A busy section of Interstate 25 reopened near downtown Denver on Friday, a day after three northbound lanes collapsed into a 40-foot-wide sinkhole.

Only three lanes were available instead of the normal six. Crews were still working nearby to repair a water line that burst and caused the sinkhole.

Northbound traffic was also using two lanes normally reserved for high-occupancy vehicles. Southbound lanes were not affected.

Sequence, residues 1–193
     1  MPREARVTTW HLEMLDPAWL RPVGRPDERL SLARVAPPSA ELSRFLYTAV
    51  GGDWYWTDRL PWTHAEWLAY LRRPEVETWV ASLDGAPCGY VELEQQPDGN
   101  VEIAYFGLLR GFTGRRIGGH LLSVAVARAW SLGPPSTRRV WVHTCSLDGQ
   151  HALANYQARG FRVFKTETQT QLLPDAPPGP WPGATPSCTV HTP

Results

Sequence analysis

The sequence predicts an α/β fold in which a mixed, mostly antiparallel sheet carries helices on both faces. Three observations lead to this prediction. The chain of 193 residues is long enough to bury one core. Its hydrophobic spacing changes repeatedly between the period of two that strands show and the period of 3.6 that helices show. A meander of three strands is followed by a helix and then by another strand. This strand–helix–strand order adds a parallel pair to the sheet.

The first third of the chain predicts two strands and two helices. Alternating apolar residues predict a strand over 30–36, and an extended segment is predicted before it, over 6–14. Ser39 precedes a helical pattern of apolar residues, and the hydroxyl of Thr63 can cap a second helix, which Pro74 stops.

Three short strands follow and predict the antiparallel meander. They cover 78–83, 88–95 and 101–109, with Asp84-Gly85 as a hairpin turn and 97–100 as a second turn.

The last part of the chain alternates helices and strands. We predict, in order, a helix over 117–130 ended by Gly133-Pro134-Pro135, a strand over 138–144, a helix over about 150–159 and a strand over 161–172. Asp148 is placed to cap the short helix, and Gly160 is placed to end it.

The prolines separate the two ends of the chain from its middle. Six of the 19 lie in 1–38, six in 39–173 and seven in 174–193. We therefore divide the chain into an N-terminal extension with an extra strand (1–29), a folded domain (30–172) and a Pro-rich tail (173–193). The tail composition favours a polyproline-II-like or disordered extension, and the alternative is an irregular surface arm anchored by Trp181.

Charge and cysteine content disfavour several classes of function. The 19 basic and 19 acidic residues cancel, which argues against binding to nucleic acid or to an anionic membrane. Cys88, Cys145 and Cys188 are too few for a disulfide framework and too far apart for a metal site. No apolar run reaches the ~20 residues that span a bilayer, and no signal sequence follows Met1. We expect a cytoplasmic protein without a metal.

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The 16-foot-deep sinkhole opened Thursday just before the afternoon rush hour, forcing traffic to squeeze into two high-occupancy vehicle lanes or use crowded city streets.

Daily traffic in both directions where the break occurred averages up to 199,000 vehicles.

No vehicles fell into the water-filled crater. Gov. Bill Ritter said it was fortunate that no one was killed.

The Denver water department said about 2 million gallons gushed from the 66-inch water conduit. Officials said the break was likely caused by a pressure surge.

Crews were replacing a 30-foot-long section of the conduit. There was no immediate word on when they might finish.

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